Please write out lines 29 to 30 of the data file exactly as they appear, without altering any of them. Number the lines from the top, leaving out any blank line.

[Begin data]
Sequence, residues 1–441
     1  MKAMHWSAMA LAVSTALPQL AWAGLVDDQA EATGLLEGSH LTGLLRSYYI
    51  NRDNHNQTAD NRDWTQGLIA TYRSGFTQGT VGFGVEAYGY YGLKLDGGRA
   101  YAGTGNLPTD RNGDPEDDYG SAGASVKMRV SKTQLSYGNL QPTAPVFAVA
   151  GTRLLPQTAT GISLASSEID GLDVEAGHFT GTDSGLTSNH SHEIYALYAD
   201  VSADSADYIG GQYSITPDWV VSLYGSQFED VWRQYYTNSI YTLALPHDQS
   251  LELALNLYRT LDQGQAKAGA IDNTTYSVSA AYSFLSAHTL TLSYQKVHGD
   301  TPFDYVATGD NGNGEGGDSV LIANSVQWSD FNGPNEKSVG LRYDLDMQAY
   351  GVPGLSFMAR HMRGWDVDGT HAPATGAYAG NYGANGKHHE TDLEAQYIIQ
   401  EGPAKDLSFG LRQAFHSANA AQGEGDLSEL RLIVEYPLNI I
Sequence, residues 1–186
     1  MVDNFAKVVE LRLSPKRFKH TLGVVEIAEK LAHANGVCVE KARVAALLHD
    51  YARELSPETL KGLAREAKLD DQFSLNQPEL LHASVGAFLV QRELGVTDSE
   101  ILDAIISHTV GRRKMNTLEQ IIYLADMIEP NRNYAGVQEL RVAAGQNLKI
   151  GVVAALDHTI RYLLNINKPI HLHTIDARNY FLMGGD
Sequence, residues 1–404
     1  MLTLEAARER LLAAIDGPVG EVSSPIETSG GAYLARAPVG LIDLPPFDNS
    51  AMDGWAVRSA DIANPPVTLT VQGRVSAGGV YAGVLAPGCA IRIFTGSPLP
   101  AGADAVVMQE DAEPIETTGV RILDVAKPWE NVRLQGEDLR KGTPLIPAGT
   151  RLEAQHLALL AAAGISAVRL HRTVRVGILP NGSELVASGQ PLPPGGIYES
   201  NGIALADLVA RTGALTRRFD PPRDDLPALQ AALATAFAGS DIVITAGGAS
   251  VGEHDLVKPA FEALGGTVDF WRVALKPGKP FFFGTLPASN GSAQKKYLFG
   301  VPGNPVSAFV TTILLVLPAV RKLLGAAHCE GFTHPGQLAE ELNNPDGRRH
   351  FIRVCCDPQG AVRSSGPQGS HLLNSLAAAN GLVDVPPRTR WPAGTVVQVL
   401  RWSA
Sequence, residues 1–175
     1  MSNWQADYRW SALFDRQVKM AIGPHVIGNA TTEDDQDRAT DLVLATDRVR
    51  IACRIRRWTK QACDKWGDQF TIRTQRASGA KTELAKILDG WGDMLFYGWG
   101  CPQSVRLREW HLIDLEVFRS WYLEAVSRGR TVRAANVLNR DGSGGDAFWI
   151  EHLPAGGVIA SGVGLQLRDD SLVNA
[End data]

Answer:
   101  CPQSVRLREW HLIDLEVFRS WYLEAVSRGR TVRAANVLNR DGSGGDAFWI
   151  EHLPAGGVIA SGVGLQLRDD SLVNA